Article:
Working Paper Article Version 2 This version is not peer-reviewed

Detection of Multiple Transgene Fragments in a Mouse Model of Gene Doping Based on Plasmid Vector Using TaqMan-qPCR Assay

Version 1 : Received: 21 May 2020 / Approved: 23 May 2020 / Online: 23 May 2020 (10:11:31 CEST)
Version 2 : Received: 2 June 2020 / Approved: 3 June 2020 / Online: 3 June 2020 (05:46:32 CEST)

A peer-reviewed article of this Preprint also exists.

Sugasawa, T.; Aoki, K.; Yanazawa, K.; Takekoshi, K. Detection of Multiple Transgene Fragments in a Mouse Model of Gene Doping Based on Plasmid Vector Using TaqMan-qPCR Assay. Genes 2020, 11, 750. Sugasawa, T.; Aoki, K.; Yanazawa, K.; Takekoshi, K. Detection of Multiple Transgene Fragments in a Mouse Model of Gene Doping Based on Plasmid Vector Using TaqMan-qPCR Assay. Genes 2020, 11, 750.

Journal reference: Genes 2020, 11, 750
DOI: 10.3390/genes11070750

Abstract

The World Anti-Doping Agency has prohibited gene doping in the context of progress in gene therapy. There is a risk that the artificial regulation of genes using plasmids could be applied for gene doping. However, no gold standard method to detect this has been established. Here, we aimed to develop a method to detect multiple transgene fragments as proof of gene doping. First, gene delivery model mice as a mimic of gene doping were created by injecting firefly luciferase plasmid with polyethylenimine (PEI) into the abdominal cavity. The results confirmed successful establishment of the model, with sufficient luminescence upon in vivo imaging. Next, multiple transgene fragments in the model were detected in plasma cell-free (cf)DNA, blood-cell-fraction DNA, and stool DNA using the TaqMan-qPCR assay, with the highest levels in plasma cfDNA. Using just a single drop of whole blood from the model, we also attempted long-term detection. The results showed that multiple transgene fragments were detected until 11 days. These findings indicate that the combination of plasma cfDNA or just one drop of whole blood with TaqMan-qPCR assay is feasible to detect plasmid-PEI-based gene doping. Our findings could accelerate the development of methods for detecting gene doping in humans.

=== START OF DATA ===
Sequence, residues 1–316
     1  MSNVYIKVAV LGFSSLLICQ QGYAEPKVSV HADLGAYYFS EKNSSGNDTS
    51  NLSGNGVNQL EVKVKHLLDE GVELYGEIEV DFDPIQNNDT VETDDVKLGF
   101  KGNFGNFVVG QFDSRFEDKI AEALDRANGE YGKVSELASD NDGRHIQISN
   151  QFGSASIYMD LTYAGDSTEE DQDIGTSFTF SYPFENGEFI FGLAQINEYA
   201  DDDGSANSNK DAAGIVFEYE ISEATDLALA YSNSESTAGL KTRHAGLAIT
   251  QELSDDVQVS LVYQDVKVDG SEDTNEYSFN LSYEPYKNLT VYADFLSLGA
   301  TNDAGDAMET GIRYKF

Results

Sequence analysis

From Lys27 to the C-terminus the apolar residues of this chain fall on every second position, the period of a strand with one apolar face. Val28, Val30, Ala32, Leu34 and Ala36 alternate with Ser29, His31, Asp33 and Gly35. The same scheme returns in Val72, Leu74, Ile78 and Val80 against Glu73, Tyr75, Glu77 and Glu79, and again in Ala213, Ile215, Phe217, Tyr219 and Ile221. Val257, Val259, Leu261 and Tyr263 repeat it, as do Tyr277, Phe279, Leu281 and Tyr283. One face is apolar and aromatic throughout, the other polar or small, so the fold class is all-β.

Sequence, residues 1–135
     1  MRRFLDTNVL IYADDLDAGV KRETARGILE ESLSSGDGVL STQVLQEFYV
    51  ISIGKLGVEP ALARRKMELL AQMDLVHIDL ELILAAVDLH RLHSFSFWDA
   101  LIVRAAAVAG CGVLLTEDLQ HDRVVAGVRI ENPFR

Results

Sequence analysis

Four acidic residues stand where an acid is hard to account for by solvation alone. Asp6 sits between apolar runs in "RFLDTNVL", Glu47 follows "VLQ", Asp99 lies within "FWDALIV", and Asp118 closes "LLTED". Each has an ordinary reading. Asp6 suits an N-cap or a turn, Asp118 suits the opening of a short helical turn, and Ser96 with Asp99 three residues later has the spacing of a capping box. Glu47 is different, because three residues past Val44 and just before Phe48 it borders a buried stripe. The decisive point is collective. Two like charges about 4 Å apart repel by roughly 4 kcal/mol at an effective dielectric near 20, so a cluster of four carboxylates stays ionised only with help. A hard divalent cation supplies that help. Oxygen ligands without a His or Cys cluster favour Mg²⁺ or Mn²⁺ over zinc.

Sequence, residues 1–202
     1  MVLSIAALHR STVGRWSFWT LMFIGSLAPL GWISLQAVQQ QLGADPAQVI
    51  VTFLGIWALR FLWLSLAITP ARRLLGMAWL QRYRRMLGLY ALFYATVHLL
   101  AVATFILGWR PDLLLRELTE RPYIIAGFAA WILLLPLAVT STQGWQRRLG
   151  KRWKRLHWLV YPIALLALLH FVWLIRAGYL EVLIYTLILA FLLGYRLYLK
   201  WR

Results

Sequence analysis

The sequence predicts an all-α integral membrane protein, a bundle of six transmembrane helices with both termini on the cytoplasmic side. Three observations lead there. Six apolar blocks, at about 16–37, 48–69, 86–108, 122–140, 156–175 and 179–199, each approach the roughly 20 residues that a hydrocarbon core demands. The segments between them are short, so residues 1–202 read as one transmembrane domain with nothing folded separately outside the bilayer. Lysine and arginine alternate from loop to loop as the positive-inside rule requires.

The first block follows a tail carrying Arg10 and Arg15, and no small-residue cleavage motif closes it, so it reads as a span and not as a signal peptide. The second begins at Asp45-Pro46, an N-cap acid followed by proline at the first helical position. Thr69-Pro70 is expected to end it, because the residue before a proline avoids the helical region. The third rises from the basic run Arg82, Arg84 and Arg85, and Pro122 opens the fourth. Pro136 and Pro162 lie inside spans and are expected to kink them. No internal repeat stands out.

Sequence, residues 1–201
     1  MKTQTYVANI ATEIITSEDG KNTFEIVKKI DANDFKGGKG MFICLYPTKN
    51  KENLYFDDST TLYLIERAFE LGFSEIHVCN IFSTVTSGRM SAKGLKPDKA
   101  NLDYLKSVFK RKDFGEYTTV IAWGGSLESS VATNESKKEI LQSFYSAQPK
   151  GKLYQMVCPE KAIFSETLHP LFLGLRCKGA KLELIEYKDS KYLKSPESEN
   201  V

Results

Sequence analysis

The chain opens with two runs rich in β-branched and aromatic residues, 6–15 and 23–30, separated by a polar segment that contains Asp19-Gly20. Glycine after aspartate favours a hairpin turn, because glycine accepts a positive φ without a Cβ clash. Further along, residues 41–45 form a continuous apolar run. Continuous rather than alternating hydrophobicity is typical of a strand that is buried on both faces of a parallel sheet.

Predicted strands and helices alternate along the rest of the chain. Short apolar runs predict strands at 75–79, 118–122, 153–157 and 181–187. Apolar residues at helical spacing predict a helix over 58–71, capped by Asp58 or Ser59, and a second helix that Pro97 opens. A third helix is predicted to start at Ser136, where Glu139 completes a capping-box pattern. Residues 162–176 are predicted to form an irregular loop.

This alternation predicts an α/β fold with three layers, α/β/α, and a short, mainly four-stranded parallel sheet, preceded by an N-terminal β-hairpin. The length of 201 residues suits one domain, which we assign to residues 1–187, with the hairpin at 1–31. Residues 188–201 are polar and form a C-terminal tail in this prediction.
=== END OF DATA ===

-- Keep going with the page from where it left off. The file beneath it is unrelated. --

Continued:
Subject Areas

gene doping; gene therapy; in vivo transfection; in vivo imaging

Comments (1)

Comment 1
Received: 3 June 2020
Commenter: Takehito Sugasawa
Commenter's Conflict of Interests: Author
Comment: Modified authors
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